1812 ENGLISH POETRY 1579-1830: SPENSER AND THE TRADITION

Rev. Thomas Newcomb

Alexander Chalmers, in General Biographical Dictionary (1812-17) 23:111-12.



THOMAS NEWCOMB, M.A. son of a worthy clergyman in Herefordshire, and great grandson, by his mother's side, to the famous Spenser, was born in 1675, and was, for some time, educated at Corpus Christi college, Oxford; but we do not find his name among the Graduates. He was afterwards chaplain to the second duke of Richmond, and rector of Stopham in Sussex, in 1734, when he published a translation of Velleius Paterculus. For some time before this he lived at Hackney, in rather distressed circumstances. So early as 1718, he was author of an excellent poem, under the title of Bibliotheca, which is preserved in the third volume of Nichols's Select Collection of Miscellany Poems, and on which Dr. Warton thinks Pope must have formed his goddess Dulness, in the Dunciad. Besides the many productions of Dr. Newcomb reprinted in that collection, he was author of several poems of merit; particularly of The last Judgment of Men and Angels, in twelve books, after the manner of Milton, 1723, folio, adorned with a fine metzotinto portrait; of another, To her late majesty queen Anne, upon the Peace of Utrecht; An Ode to the memory of Mr. Rowe; and another, To the memory of the countess of Berkeley. He also translated several of Addison's Latin poems, and Philips's Ode to Mr. St. John.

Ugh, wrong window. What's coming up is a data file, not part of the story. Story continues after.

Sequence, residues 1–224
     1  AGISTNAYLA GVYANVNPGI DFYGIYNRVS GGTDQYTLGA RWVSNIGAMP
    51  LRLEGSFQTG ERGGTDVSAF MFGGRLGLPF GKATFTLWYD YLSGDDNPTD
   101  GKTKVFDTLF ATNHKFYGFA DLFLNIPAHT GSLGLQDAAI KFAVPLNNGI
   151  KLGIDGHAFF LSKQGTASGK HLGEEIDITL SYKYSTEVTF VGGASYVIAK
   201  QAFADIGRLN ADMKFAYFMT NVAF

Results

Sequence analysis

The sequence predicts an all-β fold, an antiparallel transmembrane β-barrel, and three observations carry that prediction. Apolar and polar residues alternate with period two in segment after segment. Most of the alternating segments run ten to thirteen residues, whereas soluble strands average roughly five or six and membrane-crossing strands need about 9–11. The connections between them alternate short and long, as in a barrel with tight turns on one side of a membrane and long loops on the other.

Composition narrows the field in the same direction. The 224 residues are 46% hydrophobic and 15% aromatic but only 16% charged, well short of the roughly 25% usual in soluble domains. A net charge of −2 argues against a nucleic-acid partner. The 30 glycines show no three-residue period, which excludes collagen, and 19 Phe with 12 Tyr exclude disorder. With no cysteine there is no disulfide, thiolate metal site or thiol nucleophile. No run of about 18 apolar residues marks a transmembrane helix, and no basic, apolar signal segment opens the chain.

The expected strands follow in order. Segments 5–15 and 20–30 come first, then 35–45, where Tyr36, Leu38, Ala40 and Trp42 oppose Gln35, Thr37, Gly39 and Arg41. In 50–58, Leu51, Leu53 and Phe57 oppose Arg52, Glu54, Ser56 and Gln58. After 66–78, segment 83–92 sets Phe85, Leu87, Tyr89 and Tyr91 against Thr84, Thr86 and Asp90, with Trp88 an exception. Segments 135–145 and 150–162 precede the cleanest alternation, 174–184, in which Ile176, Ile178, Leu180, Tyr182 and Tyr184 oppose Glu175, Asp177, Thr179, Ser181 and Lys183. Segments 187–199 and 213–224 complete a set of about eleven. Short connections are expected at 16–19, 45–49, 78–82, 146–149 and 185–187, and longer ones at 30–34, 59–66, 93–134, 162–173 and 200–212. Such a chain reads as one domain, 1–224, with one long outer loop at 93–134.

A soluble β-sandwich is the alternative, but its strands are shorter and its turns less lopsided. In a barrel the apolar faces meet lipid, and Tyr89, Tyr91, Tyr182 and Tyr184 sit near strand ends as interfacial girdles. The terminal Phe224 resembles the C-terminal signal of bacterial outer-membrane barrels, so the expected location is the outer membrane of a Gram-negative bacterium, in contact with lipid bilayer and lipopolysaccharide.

After Dr. Young had published his celebrated satires, Mr. Newcomb, who was very intimate with him, printed, 1. The Manners of the Times, in seven Satires. 2. An Ode to the Queen, on the happy accession of their Majesties to the Crown, 1727. 3. An Ode to the Right Honourable the Earl of Orford, on Retirement, 1742. 4. A Collection of Odes and Epigrams, &c. occasioned by the Success of the British and Confederate Arms in Germany, 1743. 5. An Ode inscribed to the Memory of the late Earl of Orford, 1747. 6. Two Odes to his Royal Highness the Duke of Cumberland, on his return from Scotland, and on his Voyage to Holland, 1746. 7. A Paraphrase on some Select Psalms. 8. The Consummation, a Sacred Ode on the final Dissolution of the World, inscribed to his Grace the Archbishop of Canterbury, 1752, 4to. 9. A Miscellaneous Collection of Original Poems, Odes, Epistles, Translations, &c. written chiefly on political and moral subjects; to which are added, Occasional Letters and Essays, formerly published in defence of the present government and administration, 1756, a large volume in 4to. 10. Vindicta Britannica, an Ode on the Royal Navy, inscribed to the King, 1759, 4to. 11. Novus Epigrammatum Delectus, or Original State Epigrams and Minor Odes, suited to the Times, 1760, 8vo. 12. The Retired Penitent, being a poetical Version of one of the Rev. Dr. Young's Moral Contemplations. Revised, approved, and published, with the Consent of that learned and eminent Writer, 1760, 12mo. 13. A congratulatory Ode to the Queen, on her Voyage to England, 1761, 4to. 14. On the Success of the British Arms. A congratulatory Ode addressed to his Majesty, 1763, 4to. 15. The Death of Abel, a Sacred Poem, written originally in the German language, attempted in the style of Milton, 1763, 12mo. 16. In 1757, he published Versions of two of Hervey's Meditations, in blank verse. And, in 1764, the whole of them were printed in two volumes, 12mo, inscribed to the right hon. Arthur Onslow, sir Thomas Parker, and lady Juliana Penn. Mr. Nichols also supposes, that Dr. Newcomb was the author of A Supplement to a late excellent poem, entitled Are these things so? 1740; and of Pre-existence and Transmigration, or the new Metamorphosis; a Philosophical Essay on the Nature and Progress of the Soul; a poem, something between a panegyric and a satire, 1743. Dr. Newcomb died probably about 1766, in which year his library was sold, and when he must have been in his ninety-first year.